1. On the first page, subscription,resource group details,region and resource prefix need to be entered. The prefix helps search for this peer later.
  2. The fabric settings require the name of the organization and fabric type, followed by selecting peer node and the number of nodes. Then either Couchdb or leveldb will be selected, followed by the fabric CA name, and password confirmation. Finally, choice will be made between a self-signed certificate or one issued by your.
  3. An AKS cluster needs to be created as an unmanaged service. However, the rest is done through cli, so we will not be discussing it here. The cluster size, VM for the cluster and the number of nodes need to be selected, followed by entering client id and client secret for authentication. The Kubernetes service monitoring can be enabled or disabled, after which you are good to go.

Following these actions, a managed ordering service and two unmanaged peer organizations over AKS are created to form the consortium unmanaged peers resource group, and all the other features, such as AKS Monitoring are enabled.

Note: Currently CLI is used for the above procedure, but soon this feature will be available through UI as well.

Building Consortium

After deploying the ordering service and the peer nodes, we need to set up the consortium, develop the channel, and install the chaincode. The following network script can be used here.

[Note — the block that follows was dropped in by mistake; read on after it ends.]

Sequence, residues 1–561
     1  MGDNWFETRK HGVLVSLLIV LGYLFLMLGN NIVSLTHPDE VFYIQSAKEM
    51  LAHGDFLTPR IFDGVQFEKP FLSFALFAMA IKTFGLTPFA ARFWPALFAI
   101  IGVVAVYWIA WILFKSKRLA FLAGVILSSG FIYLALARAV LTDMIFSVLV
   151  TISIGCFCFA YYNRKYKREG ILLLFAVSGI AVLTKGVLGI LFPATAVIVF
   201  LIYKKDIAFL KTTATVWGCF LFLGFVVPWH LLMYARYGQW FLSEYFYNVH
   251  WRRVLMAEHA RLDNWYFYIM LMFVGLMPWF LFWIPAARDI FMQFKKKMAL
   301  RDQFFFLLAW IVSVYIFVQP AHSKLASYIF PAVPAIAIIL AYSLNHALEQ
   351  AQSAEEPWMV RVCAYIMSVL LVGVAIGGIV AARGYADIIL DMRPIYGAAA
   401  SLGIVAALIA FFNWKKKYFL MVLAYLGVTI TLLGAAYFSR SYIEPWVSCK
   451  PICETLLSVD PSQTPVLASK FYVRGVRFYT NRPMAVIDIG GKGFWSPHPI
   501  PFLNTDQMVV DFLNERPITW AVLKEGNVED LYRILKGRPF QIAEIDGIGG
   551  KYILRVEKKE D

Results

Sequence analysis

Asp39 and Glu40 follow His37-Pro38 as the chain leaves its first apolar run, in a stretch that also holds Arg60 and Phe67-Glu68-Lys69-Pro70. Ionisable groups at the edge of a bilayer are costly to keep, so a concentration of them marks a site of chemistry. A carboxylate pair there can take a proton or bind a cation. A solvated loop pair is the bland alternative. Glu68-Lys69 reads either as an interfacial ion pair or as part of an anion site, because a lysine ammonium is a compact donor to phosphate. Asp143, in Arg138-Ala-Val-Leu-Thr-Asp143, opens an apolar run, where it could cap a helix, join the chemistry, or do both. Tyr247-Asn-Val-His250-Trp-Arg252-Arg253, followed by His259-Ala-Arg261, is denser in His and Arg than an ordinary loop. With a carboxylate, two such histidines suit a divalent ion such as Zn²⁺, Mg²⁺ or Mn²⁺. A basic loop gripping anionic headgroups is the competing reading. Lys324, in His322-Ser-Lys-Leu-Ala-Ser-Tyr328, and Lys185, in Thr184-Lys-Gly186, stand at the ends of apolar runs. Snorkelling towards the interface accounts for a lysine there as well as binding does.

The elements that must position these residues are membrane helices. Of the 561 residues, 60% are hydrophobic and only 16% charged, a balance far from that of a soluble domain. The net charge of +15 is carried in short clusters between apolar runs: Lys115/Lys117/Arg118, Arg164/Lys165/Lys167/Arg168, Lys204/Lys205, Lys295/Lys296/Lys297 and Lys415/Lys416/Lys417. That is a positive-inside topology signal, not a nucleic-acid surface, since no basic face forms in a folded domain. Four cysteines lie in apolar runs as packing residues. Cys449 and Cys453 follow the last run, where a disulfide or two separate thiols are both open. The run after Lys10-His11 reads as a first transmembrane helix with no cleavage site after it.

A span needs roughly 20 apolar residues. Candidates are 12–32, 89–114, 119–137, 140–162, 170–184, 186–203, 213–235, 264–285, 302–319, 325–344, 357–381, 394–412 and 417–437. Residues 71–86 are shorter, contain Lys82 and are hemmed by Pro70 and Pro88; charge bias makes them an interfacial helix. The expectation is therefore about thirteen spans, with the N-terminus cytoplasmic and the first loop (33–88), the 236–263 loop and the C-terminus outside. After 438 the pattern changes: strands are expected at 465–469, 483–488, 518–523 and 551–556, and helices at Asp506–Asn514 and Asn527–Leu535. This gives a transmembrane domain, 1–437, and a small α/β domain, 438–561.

Note: The above procedure is for demo purposes only. For the production level, native HLF APIs need to be used.

The commands can be executed through Azure Bash CLI for running the ‘byn’ script. You can log in to the web version of the Azure shell using the blue button at the top right side of the portal. Use the following commands to switch to the bash cli for downloading the byn.sh and execute fabric-admin.yaml.

Curl"Your byn.sh url"; chmod 777 byn.sh
curl "Your fabric yaml file url" -o fabric-admin.yaml

On the Azure CLI Bash Shell, we will set up the environment for the channel and orderer:

SWITCH_TO_AKS_CLUSTER() { az aks get-credentials --resource-group $1 --name $2 --subscription $3; }
ORDERER_AKS_SUBSCRIP=<SubscriptionID of orderer>
ORDERER_AKS_RESRCE_GRP=<ResourceGroup of orderer cluster>
ORDERER_AKS_NME=<cluster name of orderer aks>
ORDERR_DNS_ZONE=<DNSZone of orderer>
CHANNEL_NME=<Name of channel>

The peer organization will be registered as follows:

PEER_AKS_RESRCE_GRP=<AKS Cluster Resource Group of peer>
PEER_AKS_NME=<Cluster Name of peer aks>
PEER_AKS_SUBSCRIP=<SubscriptionID of peer aks cluster>
#Remember that peer aks cluster name happens to be case sensitive.
PEER_ORG_NME=< name of peer Organization> 

An Azure file will be created for sharing the public certificates between the orderer and peer organizations:

STORAGE_RESRCE_GRP=<azure File Share Resource Group>
STORAGE_ACNT=<azure Storage Account Name>